Chapter 8: Using DCF Analysis to Make Investment Decisions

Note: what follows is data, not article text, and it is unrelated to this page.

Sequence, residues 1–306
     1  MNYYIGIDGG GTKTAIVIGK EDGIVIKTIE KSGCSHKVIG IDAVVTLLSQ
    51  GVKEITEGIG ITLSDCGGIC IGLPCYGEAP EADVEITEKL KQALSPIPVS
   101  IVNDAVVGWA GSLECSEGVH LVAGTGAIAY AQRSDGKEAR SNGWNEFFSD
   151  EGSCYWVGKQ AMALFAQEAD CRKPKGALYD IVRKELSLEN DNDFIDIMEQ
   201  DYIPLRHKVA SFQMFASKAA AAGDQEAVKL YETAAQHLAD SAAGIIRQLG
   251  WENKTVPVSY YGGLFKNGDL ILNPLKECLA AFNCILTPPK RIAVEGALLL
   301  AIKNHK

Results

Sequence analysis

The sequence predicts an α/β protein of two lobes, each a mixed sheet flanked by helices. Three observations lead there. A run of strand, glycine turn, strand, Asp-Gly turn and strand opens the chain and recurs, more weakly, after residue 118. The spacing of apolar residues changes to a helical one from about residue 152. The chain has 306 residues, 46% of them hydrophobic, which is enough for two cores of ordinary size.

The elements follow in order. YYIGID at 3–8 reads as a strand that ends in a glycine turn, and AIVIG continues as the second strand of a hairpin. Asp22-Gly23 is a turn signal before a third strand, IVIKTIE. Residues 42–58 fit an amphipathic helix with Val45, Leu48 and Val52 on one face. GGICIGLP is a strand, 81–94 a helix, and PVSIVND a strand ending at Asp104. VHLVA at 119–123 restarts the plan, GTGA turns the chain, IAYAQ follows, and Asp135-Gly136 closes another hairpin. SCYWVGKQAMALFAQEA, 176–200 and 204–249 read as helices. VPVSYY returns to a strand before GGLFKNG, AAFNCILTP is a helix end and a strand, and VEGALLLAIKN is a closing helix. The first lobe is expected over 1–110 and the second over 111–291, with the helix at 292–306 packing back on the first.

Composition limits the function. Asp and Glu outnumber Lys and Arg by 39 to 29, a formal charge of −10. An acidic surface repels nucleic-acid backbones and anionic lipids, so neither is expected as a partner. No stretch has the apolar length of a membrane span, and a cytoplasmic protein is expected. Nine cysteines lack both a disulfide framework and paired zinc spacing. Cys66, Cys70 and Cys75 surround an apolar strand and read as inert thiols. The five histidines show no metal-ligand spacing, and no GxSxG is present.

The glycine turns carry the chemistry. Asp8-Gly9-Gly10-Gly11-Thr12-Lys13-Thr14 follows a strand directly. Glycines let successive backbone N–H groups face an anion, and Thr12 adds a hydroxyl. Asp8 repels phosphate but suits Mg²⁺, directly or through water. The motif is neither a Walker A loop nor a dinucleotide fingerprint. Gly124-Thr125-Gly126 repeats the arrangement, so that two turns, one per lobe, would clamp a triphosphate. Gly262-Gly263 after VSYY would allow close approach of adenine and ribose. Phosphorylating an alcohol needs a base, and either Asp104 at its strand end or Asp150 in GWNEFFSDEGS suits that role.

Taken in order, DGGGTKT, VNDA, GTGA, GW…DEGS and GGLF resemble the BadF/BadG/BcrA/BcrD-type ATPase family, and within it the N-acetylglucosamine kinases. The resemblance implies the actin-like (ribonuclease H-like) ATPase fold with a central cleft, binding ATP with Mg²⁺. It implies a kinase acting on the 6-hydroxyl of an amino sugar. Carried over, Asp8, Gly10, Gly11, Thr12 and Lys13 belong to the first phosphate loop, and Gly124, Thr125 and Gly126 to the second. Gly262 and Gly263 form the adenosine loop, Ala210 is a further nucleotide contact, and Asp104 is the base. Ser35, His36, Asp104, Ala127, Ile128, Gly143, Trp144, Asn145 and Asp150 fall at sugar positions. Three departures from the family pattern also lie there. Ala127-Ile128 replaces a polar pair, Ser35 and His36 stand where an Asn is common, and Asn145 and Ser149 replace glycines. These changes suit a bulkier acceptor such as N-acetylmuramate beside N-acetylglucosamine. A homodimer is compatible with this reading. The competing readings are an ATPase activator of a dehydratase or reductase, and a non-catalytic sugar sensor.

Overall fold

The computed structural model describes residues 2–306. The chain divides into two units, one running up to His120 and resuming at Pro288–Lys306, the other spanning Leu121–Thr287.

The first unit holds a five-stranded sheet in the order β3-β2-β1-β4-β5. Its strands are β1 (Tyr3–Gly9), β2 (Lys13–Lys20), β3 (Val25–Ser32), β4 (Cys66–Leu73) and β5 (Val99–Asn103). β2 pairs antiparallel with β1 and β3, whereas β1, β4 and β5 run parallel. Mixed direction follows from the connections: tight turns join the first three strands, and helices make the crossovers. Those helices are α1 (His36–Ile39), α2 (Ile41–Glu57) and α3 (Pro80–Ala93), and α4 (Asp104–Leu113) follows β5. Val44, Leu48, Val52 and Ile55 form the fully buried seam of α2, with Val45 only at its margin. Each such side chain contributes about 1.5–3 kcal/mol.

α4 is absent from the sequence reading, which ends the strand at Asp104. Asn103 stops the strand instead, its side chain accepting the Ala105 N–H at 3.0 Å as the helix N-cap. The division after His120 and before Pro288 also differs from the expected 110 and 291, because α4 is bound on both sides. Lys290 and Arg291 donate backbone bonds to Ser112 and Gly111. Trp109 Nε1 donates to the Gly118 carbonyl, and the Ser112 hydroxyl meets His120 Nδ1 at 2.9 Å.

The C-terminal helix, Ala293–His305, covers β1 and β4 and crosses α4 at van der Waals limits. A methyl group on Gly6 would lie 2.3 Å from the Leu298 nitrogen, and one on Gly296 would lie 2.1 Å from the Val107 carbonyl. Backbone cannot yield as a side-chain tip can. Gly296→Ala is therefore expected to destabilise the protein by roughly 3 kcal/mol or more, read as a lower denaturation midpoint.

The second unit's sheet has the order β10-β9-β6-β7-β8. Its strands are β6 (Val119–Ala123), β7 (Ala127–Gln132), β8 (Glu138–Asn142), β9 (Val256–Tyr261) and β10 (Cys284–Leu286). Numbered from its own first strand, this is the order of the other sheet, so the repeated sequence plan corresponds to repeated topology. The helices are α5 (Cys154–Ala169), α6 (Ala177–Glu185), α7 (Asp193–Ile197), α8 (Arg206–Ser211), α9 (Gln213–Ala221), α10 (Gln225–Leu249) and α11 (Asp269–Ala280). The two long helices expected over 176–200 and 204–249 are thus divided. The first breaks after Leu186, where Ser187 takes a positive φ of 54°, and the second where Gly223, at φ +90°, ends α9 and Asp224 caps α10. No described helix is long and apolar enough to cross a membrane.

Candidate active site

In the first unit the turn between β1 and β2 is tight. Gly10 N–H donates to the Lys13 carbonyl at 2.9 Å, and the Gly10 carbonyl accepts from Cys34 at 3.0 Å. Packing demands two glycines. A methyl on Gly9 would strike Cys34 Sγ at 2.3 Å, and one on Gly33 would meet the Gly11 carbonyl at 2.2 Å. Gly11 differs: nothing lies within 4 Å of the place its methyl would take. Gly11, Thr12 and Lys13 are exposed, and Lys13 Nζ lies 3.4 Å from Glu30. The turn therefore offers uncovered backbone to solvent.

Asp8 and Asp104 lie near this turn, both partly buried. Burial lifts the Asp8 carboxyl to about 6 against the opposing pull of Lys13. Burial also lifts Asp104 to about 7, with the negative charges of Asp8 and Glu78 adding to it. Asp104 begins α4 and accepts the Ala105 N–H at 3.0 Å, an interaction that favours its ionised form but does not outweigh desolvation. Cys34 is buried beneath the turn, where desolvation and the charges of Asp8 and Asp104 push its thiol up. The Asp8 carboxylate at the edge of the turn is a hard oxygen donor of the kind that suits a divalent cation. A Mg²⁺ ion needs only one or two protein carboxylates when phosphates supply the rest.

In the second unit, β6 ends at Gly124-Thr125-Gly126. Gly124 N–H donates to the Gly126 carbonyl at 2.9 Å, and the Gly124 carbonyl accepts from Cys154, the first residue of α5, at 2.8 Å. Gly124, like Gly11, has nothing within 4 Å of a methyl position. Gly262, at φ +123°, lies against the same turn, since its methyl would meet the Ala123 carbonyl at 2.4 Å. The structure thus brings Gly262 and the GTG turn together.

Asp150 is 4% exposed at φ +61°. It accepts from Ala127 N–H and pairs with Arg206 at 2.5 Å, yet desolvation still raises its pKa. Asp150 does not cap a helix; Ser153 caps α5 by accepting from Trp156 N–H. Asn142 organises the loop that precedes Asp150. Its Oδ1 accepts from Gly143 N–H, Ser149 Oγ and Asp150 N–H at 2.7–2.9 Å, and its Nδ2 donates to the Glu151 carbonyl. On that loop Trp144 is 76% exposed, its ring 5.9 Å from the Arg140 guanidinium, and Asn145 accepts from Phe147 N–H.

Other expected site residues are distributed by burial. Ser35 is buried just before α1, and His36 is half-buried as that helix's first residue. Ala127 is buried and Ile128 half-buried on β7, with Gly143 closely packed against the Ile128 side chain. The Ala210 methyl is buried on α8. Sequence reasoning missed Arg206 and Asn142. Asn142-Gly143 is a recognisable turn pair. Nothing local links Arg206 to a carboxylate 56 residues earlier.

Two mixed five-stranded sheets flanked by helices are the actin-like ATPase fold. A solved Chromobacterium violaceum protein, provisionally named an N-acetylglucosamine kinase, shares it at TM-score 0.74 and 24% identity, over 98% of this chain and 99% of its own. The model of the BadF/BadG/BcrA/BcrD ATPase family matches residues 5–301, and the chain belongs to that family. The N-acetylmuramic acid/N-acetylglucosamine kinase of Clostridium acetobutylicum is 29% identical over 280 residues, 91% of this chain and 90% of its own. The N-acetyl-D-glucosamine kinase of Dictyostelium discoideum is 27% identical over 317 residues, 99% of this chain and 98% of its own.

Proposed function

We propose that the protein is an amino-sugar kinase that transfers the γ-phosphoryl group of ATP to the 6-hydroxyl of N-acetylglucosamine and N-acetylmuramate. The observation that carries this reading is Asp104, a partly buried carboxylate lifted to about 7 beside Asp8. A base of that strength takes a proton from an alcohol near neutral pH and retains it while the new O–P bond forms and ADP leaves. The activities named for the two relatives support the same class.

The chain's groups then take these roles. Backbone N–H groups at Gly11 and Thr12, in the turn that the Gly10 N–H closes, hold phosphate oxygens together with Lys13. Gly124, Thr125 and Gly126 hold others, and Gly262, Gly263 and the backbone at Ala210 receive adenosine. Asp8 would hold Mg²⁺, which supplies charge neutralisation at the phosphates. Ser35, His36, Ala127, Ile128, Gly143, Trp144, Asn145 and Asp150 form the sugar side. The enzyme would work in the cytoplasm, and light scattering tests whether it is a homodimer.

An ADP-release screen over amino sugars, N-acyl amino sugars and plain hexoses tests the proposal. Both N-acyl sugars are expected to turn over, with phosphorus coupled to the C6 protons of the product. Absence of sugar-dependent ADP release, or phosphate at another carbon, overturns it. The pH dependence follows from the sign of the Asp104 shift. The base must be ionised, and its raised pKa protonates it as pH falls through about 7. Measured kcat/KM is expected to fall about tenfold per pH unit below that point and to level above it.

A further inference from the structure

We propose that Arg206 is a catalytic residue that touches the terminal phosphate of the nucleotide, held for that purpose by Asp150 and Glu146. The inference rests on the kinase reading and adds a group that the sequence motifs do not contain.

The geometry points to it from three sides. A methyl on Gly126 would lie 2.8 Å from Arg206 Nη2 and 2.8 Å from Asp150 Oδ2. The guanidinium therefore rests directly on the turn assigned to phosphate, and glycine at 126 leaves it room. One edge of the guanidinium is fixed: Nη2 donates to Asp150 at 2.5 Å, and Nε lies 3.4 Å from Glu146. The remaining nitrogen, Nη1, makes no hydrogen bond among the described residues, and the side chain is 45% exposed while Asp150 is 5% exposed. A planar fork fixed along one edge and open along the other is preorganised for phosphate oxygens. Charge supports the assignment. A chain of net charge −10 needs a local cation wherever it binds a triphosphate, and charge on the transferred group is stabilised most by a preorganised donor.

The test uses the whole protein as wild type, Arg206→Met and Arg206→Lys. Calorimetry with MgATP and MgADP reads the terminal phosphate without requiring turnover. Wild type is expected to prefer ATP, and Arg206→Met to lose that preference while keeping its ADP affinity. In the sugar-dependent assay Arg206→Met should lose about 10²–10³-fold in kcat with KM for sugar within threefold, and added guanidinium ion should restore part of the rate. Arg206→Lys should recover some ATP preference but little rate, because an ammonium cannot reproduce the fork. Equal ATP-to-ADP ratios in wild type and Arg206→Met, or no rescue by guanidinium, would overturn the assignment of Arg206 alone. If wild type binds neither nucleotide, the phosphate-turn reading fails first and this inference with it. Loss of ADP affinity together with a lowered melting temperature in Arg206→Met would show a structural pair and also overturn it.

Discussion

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1 FIN 301 Class Notes Chapter 8: Using DCF Analysis to Make Investment Decisions Capital Budgeting: is the process of planning for capital expenditures (long term investment). Planning process involves 1 Estimating the cash flows associated with the investment project (ch. 8) 2 Evaluating the stream of the cash flows associated with the project (ch. 7). Examples of Capital expenditures:  The purchase of a new piece of equipment, land, or a building.  The replacement of an existing machine or equipment.  Lease vs. Buy analysis Principles of Estimating Cash Flows: Net investment (NINV) Net cash flows (NCF s) 1. Measure on an incremental basis: NINV and NCF both are measured on incremental basis, i.e. you only include the cash flows that result from adopting project and these cash flows would not exist had we not adopt the project. For example, XYZ Co. owns an old equipment that produce 10,000 units a year which results in an annual sales of $10,000,000. If XYZ Co. sell this equipment and buy a new one, it will be able to produce and sell 15,000 items a year for a total of $15,000,000. The cash flow estimated from this replacement project is: NINV = the Cash flows associated with buying the new equipment  the Cash flows associated with selling the old equipment. NCF should include only 15,000,000 10,000,000 = 5, Include changes in NWC: Net Working Capital = Current Assets Current Liabilities. NWC is the additional investment in current assets (cash, receivables, and inventory) that is not financed by spontaneous increase in current liabilities. Initial NWC is included in the cash flow estimation of NINV. Further NWC is included in the cash flow estimation of NCF. All NWC should be recovered by the end of the period. 3. Include indirect effects: Example, GM estimate $2.5 billion revenue from selling the new Saturn cars. Some of those sales ($400 million) will come from customers who otherwise would have bought another model form GM, say Pontiac. Therefore, Saturn takes away $400 million in sales from the other model. For cash flow purposes only $2.1 billion will be considered as the revenue form Saturn. 1